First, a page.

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The Strength/The Sound/The Songs is probably best described as a compilation album of all of Volbeat’s previous demos, strung together to produce their first official debut album. Does this affect the quality of the music and bring this debut to the level of a multiple-album band that releases a bullshit compilation album of demo material, singles, unreleased material, and/or re-recorded material? Fuck no! This is a strong debut and a great way to introduce a collection of impressive tracks that never made a decent release in Europe or the states.
Everything from the catchy as all hell Caroline Leaving and Say Your Number to the ballsy Rebel Monster and Pool of Booze, Booze, Booza to the mellow (yet heavy) Soulsweeper and the Dusty Springfield cover of I Only Wanna Be With You, gives the album diversity, groove, and melody. What can I say? This is a fun fucking album. I can say for sure that this is Volbeat’s most fun album due to its mish-mash of great tunes that don’t follow a concept or order any further than the organization of the complete album. Again, while the succeeding Volbeat albums are great for their concepts and structure, Volbeat’s debut is the best example of an all-out album with enough diversity – and the right amount of “sameness” – to give it completeness.
As on succeeding albums, Michael Poulsen’s vocals are clean and powerful – in the realm of Elvis Presley meets Johnny Cash (more prominent on the sophomore release) meets Danzig. However, Poulsen gives his range and style a flavor that encompasses the aforementioned vocalists, but in a way that makes it his own. He has beautiful range and power that drags his simple – yet effective – riffs and song structures into a realm of great, catchy, powerful, fun songwriting. A feat – in my opinion – that he was capable of doing with Dominus but in a COMPLETELY different way that when you listen to Dominus’s The First 9 or Volbeat album (yes, this is where Poulsen got the band name), you will be shocked to discover that it’s the same fucking vocalist/guitar player/song writer.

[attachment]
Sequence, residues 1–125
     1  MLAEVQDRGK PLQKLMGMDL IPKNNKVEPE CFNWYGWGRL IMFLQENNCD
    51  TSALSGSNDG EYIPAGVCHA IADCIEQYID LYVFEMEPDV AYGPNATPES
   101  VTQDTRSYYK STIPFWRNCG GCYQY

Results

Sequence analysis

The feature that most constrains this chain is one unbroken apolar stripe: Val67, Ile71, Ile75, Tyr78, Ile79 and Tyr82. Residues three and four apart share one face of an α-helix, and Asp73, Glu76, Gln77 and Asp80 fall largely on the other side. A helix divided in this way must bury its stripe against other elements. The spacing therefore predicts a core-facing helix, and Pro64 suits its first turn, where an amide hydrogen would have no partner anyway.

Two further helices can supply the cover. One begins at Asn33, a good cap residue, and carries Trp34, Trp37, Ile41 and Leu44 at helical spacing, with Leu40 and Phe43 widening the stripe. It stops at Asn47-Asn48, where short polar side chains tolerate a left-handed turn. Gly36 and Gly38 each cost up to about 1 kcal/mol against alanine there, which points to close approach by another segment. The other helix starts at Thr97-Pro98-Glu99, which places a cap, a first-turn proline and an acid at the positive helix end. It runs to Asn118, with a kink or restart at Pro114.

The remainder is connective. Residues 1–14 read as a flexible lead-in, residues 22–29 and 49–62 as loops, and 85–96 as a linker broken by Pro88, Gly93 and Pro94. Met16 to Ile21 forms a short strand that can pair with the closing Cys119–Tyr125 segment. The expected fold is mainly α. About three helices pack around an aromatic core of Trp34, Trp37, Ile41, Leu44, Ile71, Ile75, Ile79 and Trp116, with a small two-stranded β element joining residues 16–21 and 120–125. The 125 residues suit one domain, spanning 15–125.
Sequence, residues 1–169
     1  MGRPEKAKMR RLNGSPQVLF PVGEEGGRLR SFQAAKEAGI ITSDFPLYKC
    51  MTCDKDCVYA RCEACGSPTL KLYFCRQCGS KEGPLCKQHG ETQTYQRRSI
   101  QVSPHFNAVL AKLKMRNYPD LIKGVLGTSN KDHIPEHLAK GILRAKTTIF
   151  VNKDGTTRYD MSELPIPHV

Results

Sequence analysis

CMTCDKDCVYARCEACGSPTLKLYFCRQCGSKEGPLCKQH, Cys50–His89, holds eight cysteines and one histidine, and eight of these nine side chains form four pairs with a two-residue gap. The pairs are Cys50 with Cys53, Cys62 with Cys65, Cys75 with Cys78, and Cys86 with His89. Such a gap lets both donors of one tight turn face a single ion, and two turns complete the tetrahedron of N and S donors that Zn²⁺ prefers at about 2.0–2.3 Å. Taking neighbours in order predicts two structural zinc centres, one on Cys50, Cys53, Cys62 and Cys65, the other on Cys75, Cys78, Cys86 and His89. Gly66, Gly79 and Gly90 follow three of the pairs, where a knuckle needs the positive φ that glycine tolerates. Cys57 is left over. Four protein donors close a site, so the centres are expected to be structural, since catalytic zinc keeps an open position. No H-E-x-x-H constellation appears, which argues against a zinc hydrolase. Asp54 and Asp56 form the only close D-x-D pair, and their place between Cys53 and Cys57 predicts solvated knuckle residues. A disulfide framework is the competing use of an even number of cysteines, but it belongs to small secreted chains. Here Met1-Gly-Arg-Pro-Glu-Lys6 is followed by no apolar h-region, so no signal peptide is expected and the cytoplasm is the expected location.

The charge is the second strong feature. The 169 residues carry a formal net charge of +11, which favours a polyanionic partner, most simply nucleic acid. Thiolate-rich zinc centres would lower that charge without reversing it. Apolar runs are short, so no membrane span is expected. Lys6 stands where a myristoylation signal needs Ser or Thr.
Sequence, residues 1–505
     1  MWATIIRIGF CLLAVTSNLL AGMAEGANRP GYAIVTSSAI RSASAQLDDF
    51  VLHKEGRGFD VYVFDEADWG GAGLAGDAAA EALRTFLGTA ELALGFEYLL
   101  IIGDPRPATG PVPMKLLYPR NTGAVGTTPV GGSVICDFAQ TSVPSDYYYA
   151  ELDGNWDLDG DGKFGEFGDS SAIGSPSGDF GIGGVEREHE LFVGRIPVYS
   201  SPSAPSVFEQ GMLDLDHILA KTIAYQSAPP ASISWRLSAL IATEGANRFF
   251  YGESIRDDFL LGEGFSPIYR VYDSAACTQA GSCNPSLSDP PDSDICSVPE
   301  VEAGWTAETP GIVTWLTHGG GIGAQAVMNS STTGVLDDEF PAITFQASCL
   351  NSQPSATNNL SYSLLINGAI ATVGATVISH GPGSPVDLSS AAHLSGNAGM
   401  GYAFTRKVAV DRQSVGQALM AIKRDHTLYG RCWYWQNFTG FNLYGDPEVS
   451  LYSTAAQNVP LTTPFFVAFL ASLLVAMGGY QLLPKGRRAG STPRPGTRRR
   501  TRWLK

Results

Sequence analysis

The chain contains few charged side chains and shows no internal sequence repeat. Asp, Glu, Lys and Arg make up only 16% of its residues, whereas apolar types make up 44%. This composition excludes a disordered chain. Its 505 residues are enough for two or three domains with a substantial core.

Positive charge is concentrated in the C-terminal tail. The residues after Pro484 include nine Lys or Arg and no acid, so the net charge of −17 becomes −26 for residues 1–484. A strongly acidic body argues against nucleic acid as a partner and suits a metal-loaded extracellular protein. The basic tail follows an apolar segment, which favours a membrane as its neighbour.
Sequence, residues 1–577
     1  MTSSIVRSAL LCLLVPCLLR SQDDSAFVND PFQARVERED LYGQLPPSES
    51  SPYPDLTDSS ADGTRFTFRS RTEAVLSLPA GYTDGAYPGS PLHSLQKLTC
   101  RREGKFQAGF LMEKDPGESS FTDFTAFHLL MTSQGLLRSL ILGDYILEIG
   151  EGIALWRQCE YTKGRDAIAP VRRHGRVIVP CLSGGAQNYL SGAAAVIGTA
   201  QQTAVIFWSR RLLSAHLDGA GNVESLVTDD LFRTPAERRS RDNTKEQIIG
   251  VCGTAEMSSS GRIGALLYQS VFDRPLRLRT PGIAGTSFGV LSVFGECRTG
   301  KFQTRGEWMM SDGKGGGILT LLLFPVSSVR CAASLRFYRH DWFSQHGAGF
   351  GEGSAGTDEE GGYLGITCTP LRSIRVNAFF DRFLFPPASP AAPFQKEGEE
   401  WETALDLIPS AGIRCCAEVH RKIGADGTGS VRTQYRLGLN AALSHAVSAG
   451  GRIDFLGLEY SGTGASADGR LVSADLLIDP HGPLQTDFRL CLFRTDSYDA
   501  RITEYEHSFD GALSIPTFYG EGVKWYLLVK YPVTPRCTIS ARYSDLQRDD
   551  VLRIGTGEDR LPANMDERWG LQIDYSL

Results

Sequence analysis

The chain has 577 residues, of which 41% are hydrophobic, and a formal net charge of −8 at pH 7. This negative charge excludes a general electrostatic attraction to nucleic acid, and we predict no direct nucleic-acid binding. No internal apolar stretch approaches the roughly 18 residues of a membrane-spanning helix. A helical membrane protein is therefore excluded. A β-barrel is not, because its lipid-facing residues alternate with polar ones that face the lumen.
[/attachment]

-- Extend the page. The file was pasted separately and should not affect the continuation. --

Beyond the vocals, the riffs are simple and groovy, with the perfect touch of accompaniment to the vocals. Volbeat’s style is a perfect balance of heaviness and acoustic melody, intertwined with heavy, thrashy riffs and 1950’s bebop. While Volbeat perfected some of these styles and riffs on succeeding albums, the initial characteristics and attitude of what they would become drench this album. Speaking of accompaniment, the bass fits in beautifully with the music; giving it that extra “umph” when needed and rhythm when asked. And while the drums are really nothing special, without them the songs would not be as good. I love the drums on this album and every Volbeat album that followed; a nice balance, yet placed far enough in the forefront to make a lasting impression. In a way, the drums are as simple as anything AC/DC or Metallica would achieve – and as with these two bands – without their drive, groove, and strength, the chances are their songs would be no better than mediocre.
So, if you’re in the mood for something not quite metal, but with the spirit and energy of something that is; with the groove of 50’s rock-n-roll, Elvis’s belting (yet incoherent vocals), and a heaviness to put most “heavy” rock bands to shame; Volbeat is your ticket. While not as elaborate, diverse, and strong as some of the succeeding albums in Volbeat’s catalog, The Strength/The Sound/The Songs symbolizes all that Volbeat stands for and what they achieved in 2005 and beyond: strength, sound, and songs.